That scatter plot and it’s linear fit look pretty dubious to me. Were it not for the six points on the right, I think the line would show a negative relationship. And the R-value on that linear regression has to be abysmal. The study does not say whether any statistical tests were done to determine if the positive relationship is statistically significant or not. But given all that, I’m pretty skeptical of conclusion, “The Greener The Industry, The Higher The Job Growth Rate Over The Last Decade,” based on this particular study.

  2. aweb says:

    Well, that’s one of the worst uses for a linear regression possible – a “Senior Policy Analyst with the Economic Policy Institute”, i.e. a economist, should have their regression lines taken away from them for this sort of thing. Bad economist, bad.

    The point may or may not be true, but the crazy-specific “0.034 percentage points” wouldn’t stand a single review by a qualified statistician. The residuals and influential points clearly violate the most basic assumptions you are supposed to check.

    Those hugely influential 6 points at the end made up of 75-90% green jobs are driving the entire result. That’s good, mind you. It would be more meaningful to state that “the top 6 industries as ranked by green-ness all showed positive job growth”. At least that would be true, according to this data.

  3. Leif says:

    In spite of what R-money has to say and the GOP try to do, the GREEN AWAKENING ECONOMY continues to grow! IN YOUR FACE socially enabled economy…

  4. Uncle B says:

    America in reluctant transwition, forced by economic realities from foreclosed McMansions, rusty SUV’s and vehicles with V-8 engines friet to Asian 4 bangers, next to rechareable battery’Short Hop” ultra-light vehicles as the new reality unfolds even from Fox news. A refocused America will live well within theor means and in sustainable way of perish at the hands of thoer own Uber Rich.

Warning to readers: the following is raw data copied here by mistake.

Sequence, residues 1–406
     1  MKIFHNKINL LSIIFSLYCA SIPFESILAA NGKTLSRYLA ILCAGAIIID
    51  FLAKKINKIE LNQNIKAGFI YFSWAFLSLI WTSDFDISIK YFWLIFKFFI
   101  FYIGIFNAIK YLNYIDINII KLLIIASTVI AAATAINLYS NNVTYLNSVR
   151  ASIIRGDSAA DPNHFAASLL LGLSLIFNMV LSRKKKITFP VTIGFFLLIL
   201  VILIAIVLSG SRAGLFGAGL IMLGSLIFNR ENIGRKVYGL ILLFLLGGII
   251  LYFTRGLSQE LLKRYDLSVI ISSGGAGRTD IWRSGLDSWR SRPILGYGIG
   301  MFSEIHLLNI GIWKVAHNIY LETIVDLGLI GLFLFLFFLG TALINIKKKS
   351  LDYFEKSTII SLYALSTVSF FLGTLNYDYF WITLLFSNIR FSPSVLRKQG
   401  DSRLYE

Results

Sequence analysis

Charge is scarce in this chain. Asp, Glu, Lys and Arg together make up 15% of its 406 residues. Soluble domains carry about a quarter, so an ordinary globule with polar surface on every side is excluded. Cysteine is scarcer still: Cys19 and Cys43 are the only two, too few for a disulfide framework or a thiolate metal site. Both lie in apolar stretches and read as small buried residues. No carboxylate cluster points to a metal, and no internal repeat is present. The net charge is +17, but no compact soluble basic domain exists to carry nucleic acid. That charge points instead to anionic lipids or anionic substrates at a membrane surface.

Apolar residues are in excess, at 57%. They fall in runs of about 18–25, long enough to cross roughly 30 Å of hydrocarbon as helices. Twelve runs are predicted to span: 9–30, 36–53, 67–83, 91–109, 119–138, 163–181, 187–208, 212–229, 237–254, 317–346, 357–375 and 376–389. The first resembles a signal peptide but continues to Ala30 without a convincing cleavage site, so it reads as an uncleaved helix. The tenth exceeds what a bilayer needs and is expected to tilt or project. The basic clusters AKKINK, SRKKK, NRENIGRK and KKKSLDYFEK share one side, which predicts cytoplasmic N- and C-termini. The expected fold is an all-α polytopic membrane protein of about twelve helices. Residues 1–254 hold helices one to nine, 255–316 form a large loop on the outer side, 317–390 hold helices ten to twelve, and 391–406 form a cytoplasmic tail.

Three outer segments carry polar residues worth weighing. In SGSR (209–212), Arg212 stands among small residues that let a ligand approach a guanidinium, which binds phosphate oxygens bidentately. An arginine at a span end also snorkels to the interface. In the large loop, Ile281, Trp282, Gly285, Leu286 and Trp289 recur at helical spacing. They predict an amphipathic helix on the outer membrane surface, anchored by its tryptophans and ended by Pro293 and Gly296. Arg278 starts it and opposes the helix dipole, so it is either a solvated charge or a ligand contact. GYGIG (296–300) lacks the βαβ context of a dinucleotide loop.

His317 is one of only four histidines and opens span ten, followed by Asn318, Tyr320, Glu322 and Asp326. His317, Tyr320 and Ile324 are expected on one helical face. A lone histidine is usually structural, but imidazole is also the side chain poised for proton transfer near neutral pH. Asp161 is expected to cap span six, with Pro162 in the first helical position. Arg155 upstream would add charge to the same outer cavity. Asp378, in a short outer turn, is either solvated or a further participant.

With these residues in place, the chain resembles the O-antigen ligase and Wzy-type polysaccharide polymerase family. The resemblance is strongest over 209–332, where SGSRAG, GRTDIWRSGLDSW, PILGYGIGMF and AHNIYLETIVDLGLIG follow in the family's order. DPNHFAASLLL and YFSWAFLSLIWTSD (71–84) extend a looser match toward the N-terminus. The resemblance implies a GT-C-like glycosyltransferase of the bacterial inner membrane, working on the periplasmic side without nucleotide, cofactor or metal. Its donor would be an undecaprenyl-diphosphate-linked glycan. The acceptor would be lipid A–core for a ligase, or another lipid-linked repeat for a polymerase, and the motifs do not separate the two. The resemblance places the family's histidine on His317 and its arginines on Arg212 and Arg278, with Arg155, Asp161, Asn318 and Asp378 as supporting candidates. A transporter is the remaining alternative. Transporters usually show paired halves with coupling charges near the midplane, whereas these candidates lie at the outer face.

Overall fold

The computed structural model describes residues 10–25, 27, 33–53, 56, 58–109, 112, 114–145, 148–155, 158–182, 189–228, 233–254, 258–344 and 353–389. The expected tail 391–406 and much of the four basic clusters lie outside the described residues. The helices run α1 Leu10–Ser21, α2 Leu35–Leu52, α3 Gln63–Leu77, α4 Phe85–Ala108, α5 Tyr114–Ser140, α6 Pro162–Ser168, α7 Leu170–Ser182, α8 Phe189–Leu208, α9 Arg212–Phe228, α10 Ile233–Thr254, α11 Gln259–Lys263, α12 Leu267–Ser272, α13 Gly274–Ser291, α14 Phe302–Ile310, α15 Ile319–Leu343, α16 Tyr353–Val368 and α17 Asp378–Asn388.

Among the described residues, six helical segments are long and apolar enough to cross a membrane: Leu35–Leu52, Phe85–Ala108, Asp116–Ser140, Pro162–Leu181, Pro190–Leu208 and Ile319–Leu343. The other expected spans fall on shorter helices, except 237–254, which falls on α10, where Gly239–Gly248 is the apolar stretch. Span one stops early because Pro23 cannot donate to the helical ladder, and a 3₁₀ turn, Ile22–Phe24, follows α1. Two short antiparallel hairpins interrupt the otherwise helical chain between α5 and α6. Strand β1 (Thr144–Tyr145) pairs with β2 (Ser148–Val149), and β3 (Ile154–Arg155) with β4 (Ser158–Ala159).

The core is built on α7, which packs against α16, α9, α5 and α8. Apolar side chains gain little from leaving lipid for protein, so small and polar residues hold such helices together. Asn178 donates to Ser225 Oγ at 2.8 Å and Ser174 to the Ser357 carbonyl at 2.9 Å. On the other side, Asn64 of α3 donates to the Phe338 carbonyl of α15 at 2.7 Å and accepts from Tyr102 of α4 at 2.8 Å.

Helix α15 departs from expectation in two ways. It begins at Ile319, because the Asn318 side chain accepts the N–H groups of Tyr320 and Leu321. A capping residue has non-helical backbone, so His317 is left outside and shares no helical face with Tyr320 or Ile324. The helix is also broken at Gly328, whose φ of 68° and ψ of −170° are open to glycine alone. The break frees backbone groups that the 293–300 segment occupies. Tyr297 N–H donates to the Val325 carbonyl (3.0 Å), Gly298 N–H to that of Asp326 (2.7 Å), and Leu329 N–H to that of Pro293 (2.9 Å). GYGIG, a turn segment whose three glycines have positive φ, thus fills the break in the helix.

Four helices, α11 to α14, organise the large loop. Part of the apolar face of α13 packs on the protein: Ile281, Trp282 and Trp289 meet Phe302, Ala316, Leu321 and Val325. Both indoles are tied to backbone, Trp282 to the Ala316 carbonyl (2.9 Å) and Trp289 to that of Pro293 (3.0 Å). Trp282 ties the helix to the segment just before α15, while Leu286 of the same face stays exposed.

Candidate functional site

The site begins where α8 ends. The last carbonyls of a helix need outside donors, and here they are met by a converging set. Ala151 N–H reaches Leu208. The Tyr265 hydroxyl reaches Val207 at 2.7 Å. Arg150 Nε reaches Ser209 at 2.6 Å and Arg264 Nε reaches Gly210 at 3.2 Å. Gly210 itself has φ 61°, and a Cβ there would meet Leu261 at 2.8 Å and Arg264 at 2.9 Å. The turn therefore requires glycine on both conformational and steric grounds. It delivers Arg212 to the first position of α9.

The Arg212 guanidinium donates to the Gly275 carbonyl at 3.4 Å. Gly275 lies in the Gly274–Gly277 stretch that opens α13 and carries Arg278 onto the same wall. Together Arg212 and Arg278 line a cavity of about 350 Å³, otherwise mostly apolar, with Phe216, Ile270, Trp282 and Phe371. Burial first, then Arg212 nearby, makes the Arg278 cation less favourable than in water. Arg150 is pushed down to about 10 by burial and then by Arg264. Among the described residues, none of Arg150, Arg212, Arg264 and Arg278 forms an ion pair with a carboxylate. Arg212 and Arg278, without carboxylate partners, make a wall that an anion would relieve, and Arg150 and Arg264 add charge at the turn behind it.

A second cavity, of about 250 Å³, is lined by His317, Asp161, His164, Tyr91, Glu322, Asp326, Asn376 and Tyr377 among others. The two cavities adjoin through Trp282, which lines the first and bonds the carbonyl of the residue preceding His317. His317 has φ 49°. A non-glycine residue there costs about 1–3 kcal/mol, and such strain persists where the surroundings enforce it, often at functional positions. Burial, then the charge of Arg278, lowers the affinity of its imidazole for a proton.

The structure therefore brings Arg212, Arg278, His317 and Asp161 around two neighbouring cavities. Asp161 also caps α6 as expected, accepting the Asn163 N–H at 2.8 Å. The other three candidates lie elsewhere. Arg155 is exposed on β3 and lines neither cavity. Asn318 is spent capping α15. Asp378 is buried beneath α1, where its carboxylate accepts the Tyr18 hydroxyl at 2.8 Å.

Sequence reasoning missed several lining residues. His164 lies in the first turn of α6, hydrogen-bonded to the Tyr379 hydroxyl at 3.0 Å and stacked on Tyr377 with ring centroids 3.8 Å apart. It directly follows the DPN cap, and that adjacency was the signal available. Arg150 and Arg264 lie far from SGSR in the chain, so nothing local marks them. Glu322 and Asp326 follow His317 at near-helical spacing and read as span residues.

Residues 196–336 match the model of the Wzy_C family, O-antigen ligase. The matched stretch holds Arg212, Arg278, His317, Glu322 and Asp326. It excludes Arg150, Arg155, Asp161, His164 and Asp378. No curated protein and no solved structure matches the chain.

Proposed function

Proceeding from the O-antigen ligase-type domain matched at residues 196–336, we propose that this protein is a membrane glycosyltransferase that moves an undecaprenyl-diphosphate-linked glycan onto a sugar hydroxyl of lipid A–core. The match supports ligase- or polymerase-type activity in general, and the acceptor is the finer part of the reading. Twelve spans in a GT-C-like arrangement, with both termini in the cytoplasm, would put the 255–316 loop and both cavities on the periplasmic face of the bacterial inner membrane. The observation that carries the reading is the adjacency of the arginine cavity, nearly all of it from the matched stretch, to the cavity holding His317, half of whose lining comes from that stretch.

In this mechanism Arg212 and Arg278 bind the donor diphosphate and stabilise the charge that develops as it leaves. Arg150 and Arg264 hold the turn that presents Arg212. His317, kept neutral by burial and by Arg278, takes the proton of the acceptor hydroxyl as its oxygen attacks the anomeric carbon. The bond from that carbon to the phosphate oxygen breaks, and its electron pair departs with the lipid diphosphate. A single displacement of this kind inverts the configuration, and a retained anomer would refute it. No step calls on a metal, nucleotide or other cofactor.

5. Stephen Lacey says:

    Here’s a comment from the author, Ethan Pollack:

    First, you’re right that a lot of the relationship is being driven by the six outlying industries, which make up transit and waste collection/treatment. But even if you take out those six industries, the relationships in both scatterplots are still positive (I was aware of this issue and checked it before publishing). Furthermore, transit and waste aren’t just fluke outliers, they’re really important to the green economy! It’s unclear to me why these industries should be ignored. But, as I said, even if they are ignored there is still a positive relationship.

    Second, you’re also right that the R2 is pretty weak for the relationships shown in the paper, about 0.06 for both of them. (Note that if you control for industry size, the first relationship’s R2 jumps to 0.24 (adjusted 0.22) and the second jumps to 0.09 (adjusted 0.07)). But that seems to matter less in this case because the paper doesn’t actually try to explain all the variation in employment growth–there are obviously a huge amount of factors that could go into an industry’s employment growth. What I’m pointing out is that over the last ten years we’ve lacked a comprehensive green policy and still we’ve seen green industries on average grow faster than other industries. In the context of a debate over green policies, this suggests that policies to promote the green economy are swimming with–rather than against–the market forces.

    Finally, the study actually does specify that statistical significance was tested for the two scatterplots. Right in the text, it says that both relationships are significant to 95% (pages 10 and 12).